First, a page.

• ITVI.USA
    15,415.310
    54.710
    0.4%
  • OTLT.USA
    2.761
    -0.007
    -0.3%
  • OTRI.USA
    21.110
    -0.300
    -1.4%
  • OTVI.USA
    15,387.520
    55.710
    0.4%
  • TSTOPVRPM.ATLPHL
    3.300
    0.000
    0%
  • TSTOPVRPM.CHIATL
    3.140
    0.190
    6.4%
  • TSTOPVRPM.DALLAX
    1.590
    0.150
    10.4%
  • TSTOPVRPM.LAXDAL
    3.330
    0.020
    0.6%
  • TSTOPVRPM.PHLCHI
    2.170
    0.020
    0.9%
  • TSTOPVRPM.LAXSEA
    4.080
    0.130
    3.3%
  • WAIT.USA
    125.000
    -1.000
    -0.8%
  • ITVI.USA
    15,415.310
    54.710
    0.4%
  • OTLT.USA
    2.761
    -0.007
    -0.3%
  • OTRI.USA
    21.110
    -0.300
    -1.4%
  • OTVI.USA
    15,387.520
    55.710
    0.4%
  • TSTOPVRPM.ATLPHL
    3.300
    0.000
    0%
  • TSTOPVRPM.CHIATL
    3.140
    0.190
    6.4%
  • TSTOPVRPM.DALLAX
    1.590
    0.150
    10.4%
  • TSTOPVRPM.LAXDAL
    3.330
    0.020
    0.6%
  • TSTOPVRPM.PHLCHI
    2.170
    0.020
    0.9%
  • TSTOPVRPM.LAXSEA
    4.080
    0.130
    3.3%
  • WAIT.USA
    125.000
    -1.000
    -0.8%
TruckloadTruckload Indexes

Bill to expand driving workforce gaining steam

We have all undoubtedly heard the reports that trucking is currently facing a massive shortage of qualified professional truck drivers. Estimates place the current shortage around 60,800 drivers, growing to 160,000 by 2028. The media loves to report about this and present the news as if it is a surprise to the general public. While the average citizen may temporarily be blissfully unaware of the lack of qualified truck drivers, as the shortage persists and affects their ability to walk into a store and see fully stocked shelves, it is likely that the public outrage will be swift.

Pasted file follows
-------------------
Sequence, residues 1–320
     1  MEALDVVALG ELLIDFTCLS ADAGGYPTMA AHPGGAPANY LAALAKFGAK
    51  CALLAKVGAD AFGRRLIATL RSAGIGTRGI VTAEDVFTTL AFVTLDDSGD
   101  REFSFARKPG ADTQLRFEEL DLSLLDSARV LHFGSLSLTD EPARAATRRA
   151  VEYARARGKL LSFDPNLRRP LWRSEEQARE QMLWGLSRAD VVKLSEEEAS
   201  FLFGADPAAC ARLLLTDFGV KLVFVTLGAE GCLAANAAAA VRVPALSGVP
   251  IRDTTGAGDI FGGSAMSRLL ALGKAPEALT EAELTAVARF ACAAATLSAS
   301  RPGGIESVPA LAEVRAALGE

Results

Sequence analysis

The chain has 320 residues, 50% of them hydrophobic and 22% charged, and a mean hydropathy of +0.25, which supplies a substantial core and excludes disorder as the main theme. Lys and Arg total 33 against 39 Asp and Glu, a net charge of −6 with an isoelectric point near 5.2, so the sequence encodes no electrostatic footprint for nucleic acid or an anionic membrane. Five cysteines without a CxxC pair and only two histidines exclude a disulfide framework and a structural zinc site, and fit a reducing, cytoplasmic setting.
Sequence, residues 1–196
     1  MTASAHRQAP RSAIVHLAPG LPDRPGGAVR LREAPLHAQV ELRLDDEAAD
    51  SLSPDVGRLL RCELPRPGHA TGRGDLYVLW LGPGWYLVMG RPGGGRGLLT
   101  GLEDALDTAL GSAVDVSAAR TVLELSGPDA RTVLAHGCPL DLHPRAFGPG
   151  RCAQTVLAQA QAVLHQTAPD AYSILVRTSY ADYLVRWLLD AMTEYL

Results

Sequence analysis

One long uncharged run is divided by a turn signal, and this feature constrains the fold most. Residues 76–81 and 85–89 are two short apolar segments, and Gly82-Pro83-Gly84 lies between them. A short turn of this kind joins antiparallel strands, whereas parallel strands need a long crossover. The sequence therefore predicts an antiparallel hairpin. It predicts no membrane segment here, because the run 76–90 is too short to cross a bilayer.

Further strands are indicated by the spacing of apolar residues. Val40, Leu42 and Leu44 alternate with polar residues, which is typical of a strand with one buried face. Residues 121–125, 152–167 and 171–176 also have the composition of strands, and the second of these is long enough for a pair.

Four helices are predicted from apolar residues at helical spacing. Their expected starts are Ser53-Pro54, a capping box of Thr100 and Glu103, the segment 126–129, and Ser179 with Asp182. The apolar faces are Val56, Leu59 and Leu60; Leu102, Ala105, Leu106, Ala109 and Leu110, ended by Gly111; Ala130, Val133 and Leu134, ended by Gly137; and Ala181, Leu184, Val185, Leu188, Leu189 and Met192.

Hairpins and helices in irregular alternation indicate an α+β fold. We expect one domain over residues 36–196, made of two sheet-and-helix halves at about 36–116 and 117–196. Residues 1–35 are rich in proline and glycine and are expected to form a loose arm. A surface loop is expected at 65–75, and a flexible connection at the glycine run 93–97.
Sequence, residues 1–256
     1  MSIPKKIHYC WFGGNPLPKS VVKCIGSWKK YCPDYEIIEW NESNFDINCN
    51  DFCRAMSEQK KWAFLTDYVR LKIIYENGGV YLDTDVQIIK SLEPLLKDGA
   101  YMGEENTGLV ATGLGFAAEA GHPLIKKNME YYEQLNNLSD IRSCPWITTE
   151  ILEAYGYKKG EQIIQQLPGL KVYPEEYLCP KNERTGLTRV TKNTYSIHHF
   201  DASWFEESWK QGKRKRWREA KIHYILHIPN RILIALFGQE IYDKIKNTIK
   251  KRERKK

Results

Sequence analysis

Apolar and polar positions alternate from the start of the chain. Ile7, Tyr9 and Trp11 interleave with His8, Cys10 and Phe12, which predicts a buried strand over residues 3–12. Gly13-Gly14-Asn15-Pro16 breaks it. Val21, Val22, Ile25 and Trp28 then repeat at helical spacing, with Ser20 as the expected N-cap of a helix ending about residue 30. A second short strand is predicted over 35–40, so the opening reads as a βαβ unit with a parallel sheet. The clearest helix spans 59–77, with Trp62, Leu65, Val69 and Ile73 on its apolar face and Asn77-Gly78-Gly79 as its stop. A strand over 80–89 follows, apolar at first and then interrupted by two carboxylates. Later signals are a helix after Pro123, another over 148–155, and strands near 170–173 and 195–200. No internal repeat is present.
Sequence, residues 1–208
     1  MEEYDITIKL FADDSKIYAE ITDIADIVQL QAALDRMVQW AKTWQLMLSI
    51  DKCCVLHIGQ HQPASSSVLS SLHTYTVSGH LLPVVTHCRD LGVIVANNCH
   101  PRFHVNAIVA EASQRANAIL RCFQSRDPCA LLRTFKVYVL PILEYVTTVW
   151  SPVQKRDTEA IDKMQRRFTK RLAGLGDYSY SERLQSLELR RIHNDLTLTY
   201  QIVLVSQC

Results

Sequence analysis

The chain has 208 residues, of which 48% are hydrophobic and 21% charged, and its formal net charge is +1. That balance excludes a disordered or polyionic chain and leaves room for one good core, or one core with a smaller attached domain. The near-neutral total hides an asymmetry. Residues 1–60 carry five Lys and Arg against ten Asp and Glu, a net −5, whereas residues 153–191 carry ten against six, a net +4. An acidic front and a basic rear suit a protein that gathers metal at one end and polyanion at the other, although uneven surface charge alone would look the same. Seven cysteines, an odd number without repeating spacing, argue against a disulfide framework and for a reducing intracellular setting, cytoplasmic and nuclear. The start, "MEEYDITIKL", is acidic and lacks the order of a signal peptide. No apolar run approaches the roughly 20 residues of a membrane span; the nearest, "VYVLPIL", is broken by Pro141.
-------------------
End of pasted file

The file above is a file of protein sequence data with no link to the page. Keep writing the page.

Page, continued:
That is why TCA has joined with many other stakeholders to support the Developing Responsible Individuals for a Vibrant Economy Act, also known as the DRIVE-Safe Act. This piece of legislation would allow 18-20-year-olds who hold a valid commercial driver’s license (CDL) to cross state lines in interstate commerce, which is currently prohibited. To ensure the highest safety standards are met, the bill would require participants to complete a rigorous two-step apprenticeship program, including at least 400 hours of additional training – more than what is required for any other CDL holder in the nation. Furthermore, participants would only be allowed to drive trucks outfitted with the latest safety technologies proven to decrease accidents, including active braking collision mitigation systems, forward-facing event recording cameras, speed limiters set at 65 miles per hour or less, and automatic or automatic manual transmissions.

The House version of the bill, sponsored by Rep. Trey Hollingsworth (R-IN-9), currently has 40 Republican and 4 Democratic cosponsors. The Senate bill, sponsored by Sen. Todd Young (R-IN), is currently supported by 9 Republicans, 3 Democrats, and 1 Independent. The legislation will likely end up attached to either a larger infrastructure package or the must-pass surface transportation reauthorization bill, or both.

Recently, TCA signed onto a letter of support for this bill, noting that the DRIVE-Safe Act will help fill desperately-needed jobs and provide younger Americans with the opportunity to enter a profession with a median salary of $54,585, plus health and retirement benefits. As the U.S. recovers from the COVID-19 pandemic, allowing 18-20-year-old drivers to participate in our workforce will bolster and support our nation’s supply chain, which President Biden has identified as a priority for the country moving forward. TCA will continue informing lawmakers of the DRIVE-Safe Act’s importance as we work to ensure the pipeline of professional drivers is something our industry can count on for decades to come.

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